Hausfeld partner Megan Jones excels at litigating enormous antitrust cases in court while also handling the nuances of negotiating settlements. She has secured hundreds of millions of dollars for classes of plaintiffs in a variety of industries, from rubber chemicals to polyester staple to municipal bonds. A champion for women in her field, Jones is the founder and creator of a biannual conference for women plaintiffs’ attorneys to network and discuss best practices to pave the way for other women to lead class actions. She is a proud product of public schools “K through J.D.,” graduating from the University of North Carolina at Chapel Hill School of Law and is based in the firm’s San Francisco office.
Lawdragon: Can you describe for our readers the focus of your practice?
Megan Jones: My practice for two decades has focused on private antitrust enforcement on behalf of victims. Day to day, this consists of designing and executing discovery strategy, deposing witnesses, and working with economists to create models to show what happened in the industry.
Part of working on the plaintiffs’ side of antitrust cases also focuses on building strong teams of lawyers from different law firms, as courts often require different law firms to work together on antitrust cases that span years. Combining the efforts of multiple law firms is similar to running a company, where I have to design the strategy, formulate the objectives, deploy the right talent and ensure execution. Part of what I do best is effectively pair the incredible talent from the many law firms on my side with the strategic goals of the case, for example, matching key deposition takers and brief writers with the more challenging witnesses and motions. In one case, I marshaled the work of 80 law firms to a successful outcome.
Given my two decades’ of experience in antitrust cases, I am also battle-tested if certain of those teams do not perform as expected or the litigation itself takes an unexpected turn. I am energized by the challenge of getting the job done, or handling the unexpected litigation outcome.
LD: What do you enjoy most about this type of antitrust work?
MJ: Antitrust cases are always fact intensive: not only do you have to figure out the challenged anticompetitive conduct, but you also have to understand the economics of an entire industry. Each case is like a puzzle, but without that helpful picture to guide your efforts. I like this part: I start by methodically piecing the industry and the challenged conduct together. My happiest place is in the evidence, and I will relentlessly spend hours on the hunt for the threads of the case. Surrounded by documents and testimony, I start to construct what happened from the ground up, testing it with witnesses at every turn. By the end of the case, I have mastered the facts, law and the economics.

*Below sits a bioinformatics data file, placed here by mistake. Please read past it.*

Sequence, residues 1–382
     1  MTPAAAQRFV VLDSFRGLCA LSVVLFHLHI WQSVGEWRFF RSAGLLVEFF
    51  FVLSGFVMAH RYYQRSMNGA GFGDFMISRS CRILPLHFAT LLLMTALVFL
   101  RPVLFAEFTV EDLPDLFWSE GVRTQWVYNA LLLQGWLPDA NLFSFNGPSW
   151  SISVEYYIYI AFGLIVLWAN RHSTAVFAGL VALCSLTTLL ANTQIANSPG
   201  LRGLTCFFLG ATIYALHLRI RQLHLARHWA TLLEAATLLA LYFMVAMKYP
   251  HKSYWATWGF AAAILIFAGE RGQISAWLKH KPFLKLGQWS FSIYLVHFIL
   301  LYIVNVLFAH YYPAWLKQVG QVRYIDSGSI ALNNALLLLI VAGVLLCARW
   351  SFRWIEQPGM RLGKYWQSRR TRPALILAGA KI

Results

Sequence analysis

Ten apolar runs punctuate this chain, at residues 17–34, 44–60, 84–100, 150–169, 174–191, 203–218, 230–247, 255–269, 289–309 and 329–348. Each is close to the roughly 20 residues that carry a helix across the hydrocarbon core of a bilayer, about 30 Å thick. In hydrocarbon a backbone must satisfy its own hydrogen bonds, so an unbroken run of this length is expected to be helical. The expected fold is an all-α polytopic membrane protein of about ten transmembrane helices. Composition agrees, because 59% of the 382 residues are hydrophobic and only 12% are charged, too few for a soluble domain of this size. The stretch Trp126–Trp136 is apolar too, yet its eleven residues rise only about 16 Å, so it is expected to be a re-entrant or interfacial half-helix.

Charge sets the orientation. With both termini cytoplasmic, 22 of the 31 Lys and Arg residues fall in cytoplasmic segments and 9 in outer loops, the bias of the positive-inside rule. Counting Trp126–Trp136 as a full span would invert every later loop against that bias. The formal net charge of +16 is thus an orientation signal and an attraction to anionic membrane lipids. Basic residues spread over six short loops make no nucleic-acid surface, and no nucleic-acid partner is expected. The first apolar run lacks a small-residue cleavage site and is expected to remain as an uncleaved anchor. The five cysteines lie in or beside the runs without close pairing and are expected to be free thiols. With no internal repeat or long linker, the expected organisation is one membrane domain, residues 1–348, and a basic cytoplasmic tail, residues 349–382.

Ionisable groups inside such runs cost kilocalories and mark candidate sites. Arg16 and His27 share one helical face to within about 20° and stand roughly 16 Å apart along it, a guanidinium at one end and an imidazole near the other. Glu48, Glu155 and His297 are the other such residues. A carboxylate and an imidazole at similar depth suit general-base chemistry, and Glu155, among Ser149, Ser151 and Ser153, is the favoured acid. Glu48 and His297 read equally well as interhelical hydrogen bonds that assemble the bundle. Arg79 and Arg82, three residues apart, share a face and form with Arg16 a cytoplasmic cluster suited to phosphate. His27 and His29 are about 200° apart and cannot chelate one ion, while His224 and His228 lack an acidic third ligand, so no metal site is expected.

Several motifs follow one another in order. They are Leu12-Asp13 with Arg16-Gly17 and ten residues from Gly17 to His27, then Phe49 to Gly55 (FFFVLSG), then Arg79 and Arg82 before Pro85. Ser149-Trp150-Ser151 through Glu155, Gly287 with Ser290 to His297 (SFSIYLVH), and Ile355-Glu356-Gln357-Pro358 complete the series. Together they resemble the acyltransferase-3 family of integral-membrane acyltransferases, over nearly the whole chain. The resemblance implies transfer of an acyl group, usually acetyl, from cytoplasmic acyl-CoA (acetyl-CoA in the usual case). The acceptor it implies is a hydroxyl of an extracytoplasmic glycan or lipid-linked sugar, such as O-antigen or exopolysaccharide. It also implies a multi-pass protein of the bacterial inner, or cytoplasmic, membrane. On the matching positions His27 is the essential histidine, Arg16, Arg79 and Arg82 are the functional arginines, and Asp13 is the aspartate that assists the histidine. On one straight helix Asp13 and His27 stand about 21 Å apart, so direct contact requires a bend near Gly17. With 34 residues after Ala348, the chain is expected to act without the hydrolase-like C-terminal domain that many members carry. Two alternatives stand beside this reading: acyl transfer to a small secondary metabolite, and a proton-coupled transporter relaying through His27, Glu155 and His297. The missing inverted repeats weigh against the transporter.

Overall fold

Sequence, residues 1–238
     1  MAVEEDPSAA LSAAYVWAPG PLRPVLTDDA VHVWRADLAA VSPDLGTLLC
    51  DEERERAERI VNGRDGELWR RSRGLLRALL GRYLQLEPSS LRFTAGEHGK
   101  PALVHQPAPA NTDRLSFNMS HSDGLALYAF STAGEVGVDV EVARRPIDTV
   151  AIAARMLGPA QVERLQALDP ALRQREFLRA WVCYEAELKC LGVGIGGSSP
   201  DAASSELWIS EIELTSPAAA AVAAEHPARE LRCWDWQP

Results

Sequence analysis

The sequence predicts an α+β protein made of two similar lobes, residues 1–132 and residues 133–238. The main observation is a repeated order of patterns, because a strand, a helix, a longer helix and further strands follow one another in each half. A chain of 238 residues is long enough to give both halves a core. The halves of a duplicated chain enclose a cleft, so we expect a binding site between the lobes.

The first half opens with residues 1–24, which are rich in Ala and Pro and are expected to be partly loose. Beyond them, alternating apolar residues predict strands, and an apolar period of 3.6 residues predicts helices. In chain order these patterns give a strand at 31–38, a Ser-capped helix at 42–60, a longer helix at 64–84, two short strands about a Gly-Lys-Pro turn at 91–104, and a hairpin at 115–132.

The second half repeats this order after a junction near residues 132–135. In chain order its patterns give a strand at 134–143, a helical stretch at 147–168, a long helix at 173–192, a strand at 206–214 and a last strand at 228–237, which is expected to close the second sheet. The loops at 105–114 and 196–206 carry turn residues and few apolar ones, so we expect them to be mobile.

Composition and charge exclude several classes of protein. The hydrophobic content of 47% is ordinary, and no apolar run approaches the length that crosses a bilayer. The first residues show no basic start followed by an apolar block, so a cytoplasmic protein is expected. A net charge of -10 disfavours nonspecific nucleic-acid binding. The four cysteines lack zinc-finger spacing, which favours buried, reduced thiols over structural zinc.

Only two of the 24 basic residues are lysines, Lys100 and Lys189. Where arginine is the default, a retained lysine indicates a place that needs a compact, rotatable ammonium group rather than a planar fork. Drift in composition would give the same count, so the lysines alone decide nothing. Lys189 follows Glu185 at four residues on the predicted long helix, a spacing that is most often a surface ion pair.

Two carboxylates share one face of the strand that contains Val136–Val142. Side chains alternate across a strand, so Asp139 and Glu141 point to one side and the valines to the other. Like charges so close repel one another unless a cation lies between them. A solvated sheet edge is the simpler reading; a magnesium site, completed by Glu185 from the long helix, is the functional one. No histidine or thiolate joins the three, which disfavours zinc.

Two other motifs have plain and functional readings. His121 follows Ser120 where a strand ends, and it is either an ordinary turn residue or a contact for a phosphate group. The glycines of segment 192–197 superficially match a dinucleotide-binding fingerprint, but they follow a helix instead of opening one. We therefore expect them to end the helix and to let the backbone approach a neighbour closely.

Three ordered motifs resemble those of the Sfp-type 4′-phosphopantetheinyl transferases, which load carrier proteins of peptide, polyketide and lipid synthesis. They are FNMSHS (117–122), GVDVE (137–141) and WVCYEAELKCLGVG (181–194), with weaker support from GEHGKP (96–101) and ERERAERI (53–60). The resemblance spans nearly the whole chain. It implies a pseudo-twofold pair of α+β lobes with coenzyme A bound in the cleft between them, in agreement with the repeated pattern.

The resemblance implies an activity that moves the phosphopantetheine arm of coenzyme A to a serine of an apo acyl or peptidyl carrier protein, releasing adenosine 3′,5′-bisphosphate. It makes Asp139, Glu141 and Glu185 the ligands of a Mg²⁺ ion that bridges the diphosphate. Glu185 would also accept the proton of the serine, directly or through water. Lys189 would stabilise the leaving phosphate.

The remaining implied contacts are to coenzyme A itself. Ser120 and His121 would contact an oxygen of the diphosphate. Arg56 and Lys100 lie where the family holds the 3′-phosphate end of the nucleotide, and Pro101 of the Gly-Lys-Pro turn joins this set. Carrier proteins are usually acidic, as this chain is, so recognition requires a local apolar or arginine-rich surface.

I leverage my skills by embracing new technology, such as new review tools, using case-specific iPads in court, setting up electronic “binders” in the cloud, or finding new apps to transform my trial preparation. Harnessing technology not only saves money and time, it improves my ability to better cross-examine witnesses. In one instance, I used an online document repository during a live deposition to verify the veracity of a witness’ statement. I was able to develop the record that resulted in the production of a case-breaking document – because I could search for a specific term of art in real time, and develop a line of questions based on specifics.
LD: Is there a particular part of the litigation process that you find especially interesting or satisfying?
MJ: I think the phase of the case that interests me most is negotiating settlements. For the last two decades, I have learned by doing. Being at the settlement table so many times in so many different cases, each with different counsel, has taught me the necessity of creativity, the power of skillful draftsmanship of the agreement itself, the requirement of having a blueprint to get to a good deal, and how to manage personalities.
I love how creative the settlement process can be, and when it works well, how both sides ultimately end up collaborating to get to a deal. My favorite instances are when both sides realize – usually after intense questioning and drawn out negotiations – that they have found common ground: you can see the light go on, and then it is all about capturing that moment in writing. Importantly, I have learned it can take 20 years to build a reputation and ten minutes to ruin it. I have personally seen what happens when parties bend facts, or argue over terms that have no impact on the deal itself all in the name of “tactics.” It is my philosophy that what matters most is ongoing trust and respect for my adversaries, for this negotiation and the next. I would rather parties disagree, and settlement talks end, than compromise on these values.
LD: How would you describe your style as a lawyer?
MJ: I am often the lawyer that proposes the new idea, or takes on the project that others thought was impossible. I like to take the hard depositions, write the brief with the new legal theory, or figure out how to distill complex facts and legal theories into simple explanations.
My experiences, both the good and the bad, over two decades have shaped me into a more resilient lawyer. As a woman in a predominantly male dominated field, I have had my share of moments that make me shake my head. At the helm of large, complex antitrust cases, I often have to navigate through unchartered waters and face the best defense lawyers in the country, forcing me to up my game with each encounter. As a lawyer who works on contingency, I constantly strive to do more with less, while never sacrificing quality. Each of these experiences has shaped me, and made me a better lawyer that courts and counsel can trust and rely on.